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Is the Sugar Substitute Xylitol Safe for Your Heart?

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A new study linking the low-calorie sugar substitute xylitol to an increased risk of heart attack or stroke has once again raised questions about the risks and benefits of sugar substitutes.

Xylitol is a sugar alcohol found naturally in fruits and vegetables, and even produced in the human body at very low levels. But it is often synthetically produced and is increasingly being added to processed foods, like candies and “low-sugar” baked goods, because it has 40 percent fewer calories than regular sugar does and doesn’t cause blood glucose to spike after a meal. The study authors said this rise in consumption was concerning, as the people most likely to turn to the sugar substitute may already be trying to manage conditions like obesity and diabetes that also increase the risk of cardiovascular issues.

“They may think they’re making a healthy choice by picking xylitol over sugar, yet the data argues that it is not the case.” said Dr. Stanley Hazen, the chair of cardiovascular and metabolic sciences at the Cleveland Clinic’s Lerner Research Institute and an author of the study. Last year, Dr. Hazen and his colleagues found a similar association with another sugar alcohol, called erythritol.

For the new study, the researchers measured the levels of xylitol in blood plasma samples of over 3,000 participants who had fasted overnight. They found that people with the highest xylitol levels had roughly double the risk of heart attack, stroke or death within the next three years compared to people with the lowest levels. The results were published in the European Heart Journal this month.

The research does not prove that sugar alcohols like xylitol and erythritol directly cause heart attacks, only that they’re associated with an increased risk. Because the researchers did not track the participants’ diets, other foods may also have contributed to that risk, said Marta Yanina Pepino, an associate professor of food science and human nutrition at the University of Illinois at Urbana-Champaign. And it’s possible some of the participants naturally produce more xylitol, and their high levels did not come entirely from food and drink, she said.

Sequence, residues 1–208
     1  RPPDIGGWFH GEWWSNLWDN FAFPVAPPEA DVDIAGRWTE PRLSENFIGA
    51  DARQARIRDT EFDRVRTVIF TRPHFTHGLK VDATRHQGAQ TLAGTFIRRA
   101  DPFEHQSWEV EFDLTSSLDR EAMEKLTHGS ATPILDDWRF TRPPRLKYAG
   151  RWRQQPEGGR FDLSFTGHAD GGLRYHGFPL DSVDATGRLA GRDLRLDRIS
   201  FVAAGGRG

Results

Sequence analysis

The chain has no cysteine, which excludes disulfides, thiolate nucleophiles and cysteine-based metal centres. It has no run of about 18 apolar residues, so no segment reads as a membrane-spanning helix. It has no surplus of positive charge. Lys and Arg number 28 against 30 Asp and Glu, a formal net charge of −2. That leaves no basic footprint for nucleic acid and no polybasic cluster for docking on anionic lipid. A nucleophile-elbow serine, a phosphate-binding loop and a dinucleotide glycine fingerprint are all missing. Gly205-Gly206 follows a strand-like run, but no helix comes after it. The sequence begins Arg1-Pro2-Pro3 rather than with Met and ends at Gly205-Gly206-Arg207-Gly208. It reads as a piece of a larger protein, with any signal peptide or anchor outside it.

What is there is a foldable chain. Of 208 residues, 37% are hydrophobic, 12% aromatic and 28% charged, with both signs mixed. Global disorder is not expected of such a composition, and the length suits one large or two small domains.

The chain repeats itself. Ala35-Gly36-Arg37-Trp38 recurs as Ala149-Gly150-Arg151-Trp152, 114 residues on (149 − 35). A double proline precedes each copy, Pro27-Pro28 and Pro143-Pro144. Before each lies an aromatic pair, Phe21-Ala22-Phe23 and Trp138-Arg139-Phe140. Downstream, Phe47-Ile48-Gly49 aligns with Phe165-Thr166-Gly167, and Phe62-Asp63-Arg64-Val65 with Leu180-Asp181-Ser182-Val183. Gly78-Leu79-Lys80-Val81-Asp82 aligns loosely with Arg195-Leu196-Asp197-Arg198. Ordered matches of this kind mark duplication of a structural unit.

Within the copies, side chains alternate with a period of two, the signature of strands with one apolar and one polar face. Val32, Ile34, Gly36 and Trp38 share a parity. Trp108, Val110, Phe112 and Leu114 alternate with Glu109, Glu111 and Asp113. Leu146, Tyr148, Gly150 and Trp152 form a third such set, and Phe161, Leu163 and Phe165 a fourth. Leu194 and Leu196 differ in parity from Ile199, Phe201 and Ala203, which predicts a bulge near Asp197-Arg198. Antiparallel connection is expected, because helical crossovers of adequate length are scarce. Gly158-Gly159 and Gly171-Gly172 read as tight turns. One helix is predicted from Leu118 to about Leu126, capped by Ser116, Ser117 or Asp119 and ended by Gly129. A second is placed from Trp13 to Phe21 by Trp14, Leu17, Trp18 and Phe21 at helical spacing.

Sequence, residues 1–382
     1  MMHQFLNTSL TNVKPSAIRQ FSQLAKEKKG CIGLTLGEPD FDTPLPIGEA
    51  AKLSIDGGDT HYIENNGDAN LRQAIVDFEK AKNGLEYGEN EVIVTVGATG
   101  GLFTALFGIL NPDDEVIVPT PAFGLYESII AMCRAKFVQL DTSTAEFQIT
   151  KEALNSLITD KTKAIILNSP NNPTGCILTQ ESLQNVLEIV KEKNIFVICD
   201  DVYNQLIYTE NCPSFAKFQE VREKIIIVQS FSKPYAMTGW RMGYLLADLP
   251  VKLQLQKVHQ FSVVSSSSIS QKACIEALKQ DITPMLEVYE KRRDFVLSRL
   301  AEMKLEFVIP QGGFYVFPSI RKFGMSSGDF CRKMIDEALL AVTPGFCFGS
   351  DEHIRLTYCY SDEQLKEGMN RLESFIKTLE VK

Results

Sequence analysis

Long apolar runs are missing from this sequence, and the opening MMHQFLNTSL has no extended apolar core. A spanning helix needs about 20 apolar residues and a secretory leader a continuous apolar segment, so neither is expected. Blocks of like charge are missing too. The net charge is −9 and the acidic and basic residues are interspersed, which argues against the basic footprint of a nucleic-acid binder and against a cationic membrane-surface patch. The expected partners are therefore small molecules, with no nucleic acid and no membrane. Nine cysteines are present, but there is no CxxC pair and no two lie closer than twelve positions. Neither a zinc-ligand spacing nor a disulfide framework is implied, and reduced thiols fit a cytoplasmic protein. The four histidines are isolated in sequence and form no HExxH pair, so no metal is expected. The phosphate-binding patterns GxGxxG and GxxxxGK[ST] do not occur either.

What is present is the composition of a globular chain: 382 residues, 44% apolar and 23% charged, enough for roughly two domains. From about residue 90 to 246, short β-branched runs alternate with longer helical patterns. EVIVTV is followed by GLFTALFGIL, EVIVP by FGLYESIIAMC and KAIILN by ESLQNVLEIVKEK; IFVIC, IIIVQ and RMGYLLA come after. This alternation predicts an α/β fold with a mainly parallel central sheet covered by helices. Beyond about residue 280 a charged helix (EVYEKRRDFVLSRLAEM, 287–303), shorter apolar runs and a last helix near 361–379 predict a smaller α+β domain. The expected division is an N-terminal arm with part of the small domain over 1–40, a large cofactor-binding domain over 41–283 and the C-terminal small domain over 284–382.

To address some of these concerns, Dr. Hazen’s team also fed xylitol to mice, added it to human blood samples in a lab and also gave drinks containing xylitol to 10 healthy volunteers. In each of the tests, xylitol increased how quickly platelets formed clots, which could eventually lead to a heart attack or stroke.

Taken together, the results suggest that xylitol may carry risks consumers should consider. Just because sugar substitutes like xylitol don’t contain many calories “doesn’t mean that they have no effect,” Dr. Pepino said.

The next step, outside experts said, is to compare how the risks and benefits of substitutes like xylitol compare to those of regular sugar. Research has consistently suggested that high sugar intake is associated with an increased risk of cardiovascular issues, such as heart attack and stroke.

“It’s possible that xylitol carries some risks compared to nothing, but the risks are smaller than if you consumed similar amounts of sugar,” said Dr. David Ludwig, an endocrinologist at Boston Children’s Hospital whose research has shown that some sugar substitutes can prevent weight gain, which is also a risk factor for cardiovascular disease. “I think the next question is how do you assess and balance your risk?”

To check how much xylitol you may be consuming, you need to carefully read nutrition labels.

Food and beverages that are marked as “sugar free” or “no added sugar” have to list the precise sugar alcohol amount under carbohydrates in the nutritional information. But if a product does not make these claims, it may not have to list exact amounts. This means that sugar alcohols like xylitol may actually lurk in many more products than consumers realize, including energy bars, nut butters, salad dressings and flavored drinks, Dr. Hazen said. You can sometimes spot xylitol and other sugar alcohols in the ingredient list by simply looking for words that end in “-ol,” like sorbitol and maltitol. Xylitol may also be listed under other names, such as birch sugar or the European code E967.

Xylitol is also often added to products meant to support oral health, such as mouthwashes, toothpastes and sugar-free gums. However, researchers don’t believe these are a meaningful source of xylitol consumption, because people ingest very little of these products, Dr. Hazen said.

If you want to limit your consumption of xylitol and other sugar alcohols, start by reducing your consumption of processed foods. Then, try to tame your sweet tooth, Dr. Hazen said. Instead of reaching for sugar-free snacks and desserts, consider natural sweeteners in moderation, such as honey, maple syrup or agave nectar.

Even if you are diabetic, it may be better to rely on natural sugars for the occasional sweet treat, as long as you closely monitor your blood glucose so you can tailor your medication as needed, Dr. Pepino said.

Incorporating whole fruits and vegetables is another great way of satisfying sweet cravings while getting fiber and other nutrients that may help regulate the effects of sugar and sugar alcohols. When baking, you may also try recipes that use mashed fruits like bananas or applesauce instead of sugar or sugar substitutes.

Gradually try to decrease sugar and sugar substitutes in beverages as well, For instance, you can switch from sugar-free soda to seltzer flavored with a splash of fruit juice.

“Sugar substitutes are really meant to be used as stepping stones,” Dr. Ludwig said. “They should not be considered part of a healthy, low-carb diet over the long term.”



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